Turkey Touted as Potential Leader in Providing Vaccine for Region
Illustrative photo (Grook Da Oger/Wikimedia Commons)

Turkey Touted as Potential Leader in Providing Vaccine for Region

Doctors say country could manufacture 100 million doses in pre-filled syringes

Turkey could be a leader in helping deliver a vaccine to the wider region, scientists have told The Media Line, but warn that the country could lag behind its Western allies in production.

One of Turkey’s top pharmaceutical companies said it could produce 10 million pre-filled syringes, the type most vaccines require, per year, while there are estimates of a total of 100 million of these syringes existing in the country.

“I understand there will be capacity for up to 100 million [syringes]… maybe more,” said Dr. Oguz Akbas, a pharmacologist who has worked on vaccine studies and collaborated with Turkish authorities.

“Turkey has a very good production capacity with good… regulations in place,” he told The Media Line.

Akbas believes there are approximately 10 companies in Turkey that can manufacture vaccines and help deliver them to the wider region, especially due to the country’s relatively strong pharmaceutical industry.

“I think Turkey can have a leading role, but how is the toughest part,” he said.

Nadir Ulu, vice president of the pharmaceutical company Gen Ilac, said the firm could produce up to 10 million pre-filled syringes a year.

“I think in general if we will have access to vaccines to produce, first [it will be] for our own population, and then we will be happy to do more for other countries as well,” he told The Media Line.

He explained that the discovery and creation of a liquid formulation for the vaccine would take place abroad, and then be packaged into pre-filled syringes in Turkey. He warned, however, that a major obstacle would involve production logistics for the massive amounts that will be necessary.

Ulu says his company is collaborating on research for a possible COVID-19 vaccine but he cannot disclose details at this stage.

He also believes that some trials for either a vaccine or medical treatments for the coronavirus would take place in Turkey, where it is much cheaper to carry them out compared to Europe or the US. Yet he warns that production costs will be taken into account.

“This is not a non-profit organization,” he noted, “and we have to take into account the required amount for production and, of course, turnover. But in general, I think we have to do our best to provide a solution for everybody all around the world.”

Turkey agreed last week to collaborate on a vaccine with Russia and carry out joint clinical trials. Researchers in Turkey have already begun testing vaccine candidates on animals.

Dr. Ergin Kocyildirim, an assistant professor of cardiothoracic surgery at the University of Pittsburgh, says that although the Turkish government plans to improve its vaccine production in order to both reduce its reliance on imports and ramp up exports, a number of issues remain.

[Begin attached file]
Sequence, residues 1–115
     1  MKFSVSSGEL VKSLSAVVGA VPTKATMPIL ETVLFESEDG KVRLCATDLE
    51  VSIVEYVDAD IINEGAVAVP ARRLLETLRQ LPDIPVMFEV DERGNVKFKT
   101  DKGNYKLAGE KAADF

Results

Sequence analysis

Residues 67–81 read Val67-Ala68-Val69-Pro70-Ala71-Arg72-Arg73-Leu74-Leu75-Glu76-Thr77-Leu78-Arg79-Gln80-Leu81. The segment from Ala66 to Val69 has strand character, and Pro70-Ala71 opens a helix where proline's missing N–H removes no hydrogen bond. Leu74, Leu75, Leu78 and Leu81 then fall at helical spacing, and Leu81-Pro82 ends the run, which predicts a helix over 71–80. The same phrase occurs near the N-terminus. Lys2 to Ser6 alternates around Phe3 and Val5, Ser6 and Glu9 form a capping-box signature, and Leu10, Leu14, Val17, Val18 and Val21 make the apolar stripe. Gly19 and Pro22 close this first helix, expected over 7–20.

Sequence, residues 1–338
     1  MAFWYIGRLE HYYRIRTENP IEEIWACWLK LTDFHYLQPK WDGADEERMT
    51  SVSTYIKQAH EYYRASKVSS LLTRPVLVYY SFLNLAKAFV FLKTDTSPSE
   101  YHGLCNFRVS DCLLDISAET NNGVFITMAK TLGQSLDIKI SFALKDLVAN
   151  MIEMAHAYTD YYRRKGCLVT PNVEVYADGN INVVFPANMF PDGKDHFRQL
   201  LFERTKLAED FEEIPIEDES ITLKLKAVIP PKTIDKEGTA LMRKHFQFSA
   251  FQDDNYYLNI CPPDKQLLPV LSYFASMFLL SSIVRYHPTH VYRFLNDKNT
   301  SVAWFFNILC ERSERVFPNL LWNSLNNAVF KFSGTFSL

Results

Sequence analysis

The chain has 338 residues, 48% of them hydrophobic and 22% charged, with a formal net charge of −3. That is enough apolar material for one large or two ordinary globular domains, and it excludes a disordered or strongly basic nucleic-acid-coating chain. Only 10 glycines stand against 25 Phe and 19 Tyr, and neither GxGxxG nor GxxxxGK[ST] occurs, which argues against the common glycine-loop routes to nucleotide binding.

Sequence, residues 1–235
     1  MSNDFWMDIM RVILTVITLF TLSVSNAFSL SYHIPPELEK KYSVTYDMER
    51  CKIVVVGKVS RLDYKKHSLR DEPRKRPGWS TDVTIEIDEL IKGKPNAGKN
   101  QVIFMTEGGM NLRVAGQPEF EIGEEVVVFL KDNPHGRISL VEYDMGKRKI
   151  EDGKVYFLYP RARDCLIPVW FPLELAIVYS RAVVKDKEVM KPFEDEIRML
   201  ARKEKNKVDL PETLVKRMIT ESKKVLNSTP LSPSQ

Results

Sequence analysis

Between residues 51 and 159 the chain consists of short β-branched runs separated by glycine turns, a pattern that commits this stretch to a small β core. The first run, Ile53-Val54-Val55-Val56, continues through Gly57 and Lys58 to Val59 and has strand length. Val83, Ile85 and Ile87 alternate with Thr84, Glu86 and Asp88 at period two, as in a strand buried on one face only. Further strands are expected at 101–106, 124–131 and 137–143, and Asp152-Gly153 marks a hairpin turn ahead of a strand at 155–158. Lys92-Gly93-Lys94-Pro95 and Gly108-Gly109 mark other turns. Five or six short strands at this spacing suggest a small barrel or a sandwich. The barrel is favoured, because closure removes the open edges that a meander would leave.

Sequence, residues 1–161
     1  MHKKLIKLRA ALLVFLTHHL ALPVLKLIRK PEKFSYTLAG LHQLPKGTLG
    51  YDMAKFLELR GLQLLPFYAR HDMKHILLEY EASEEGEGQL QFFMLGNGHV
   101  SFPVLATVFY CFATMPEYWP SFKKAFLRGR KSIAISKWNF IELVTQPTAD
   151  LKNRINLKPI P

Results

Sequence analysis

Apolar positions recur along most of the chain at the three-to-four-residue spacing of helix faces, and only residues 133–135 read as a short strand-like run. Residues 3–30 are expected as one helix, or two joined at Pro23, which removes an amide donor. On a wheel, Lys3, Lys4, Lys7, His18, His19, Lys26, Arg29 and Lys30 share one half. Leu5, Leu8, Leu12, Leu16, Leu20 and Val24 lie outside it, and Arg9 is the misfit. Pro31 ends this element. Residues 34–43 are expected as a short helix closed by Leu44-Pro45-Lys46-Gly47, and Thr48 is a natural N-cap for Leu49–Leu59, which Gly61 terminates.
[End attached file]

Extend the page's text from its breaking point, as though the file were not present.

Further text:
“Even though the centralized and government-monitored health system seems in very good shape according to OECD rankings, the quality of medical training [and] number of scientific research and published peer-reviewed articles are very limited,” he wrote in an email to The Media Line.

Kocyildirim added that only 4% of the population gets the seasonal flu vaccine.

“The high cost [and] very low awareness of adulthood vaccination make it harder to plan a solid immunization program in Turkey,” he stated.

Ankara has been providing medical aid abroad during the pandemic.

The government said it was providing masks and other medical equipment to countries in the Middle East, as well as to Europe and the US. The packages are delivered with the seal of the President’s Office instead of the Republic of Turkey, helping boost Turkish President Recep Tayyip Erdogan’s profile.

Analysts say he wants to develop an image of an international leader and defender of Muslims.

The country’s medical sector has helped build its soft power in the Middle East and Africa, according to Aykan Erdemir, a former lawmaker from the main opposition party who is now senior director of the Turkey Program at the Foundation for Defense of Democracies.

“Any drugs or vaccines [that] Turkey-based entities develop in this process would offer Ankara additional resources alongside shipments of personal protective equipment to strengthen its charm offensive during the COVID-19 pandemic,” Erdemir wrote in an email to The Media Line.

Erdemir added that providing medical aid to other countries could “recruit patients who need access to inexpensive but reliable medical treatment overseas.”

Medical tourism to Turkey has boomed in recent years and could offset traditional hospitality tourism, a key sector that has fallen dramatically due to the pandemic.

Ulu believes that Turkey would not be in on “the first wave” of vaccinations, saying it should encourage discussions aimed at collaborations with foreign companies that are leading in vaccine research so that the country’s population can gain access to the vaccines sooner.

“I think [it] is not too late, but not too early as well [to start these discussions],” he said.

“We have to think [in] a lot more detailed [way] about where we are now in the production of the vaccines, and how early… the vaccine [will] be available for Turkish citizens,” he said.

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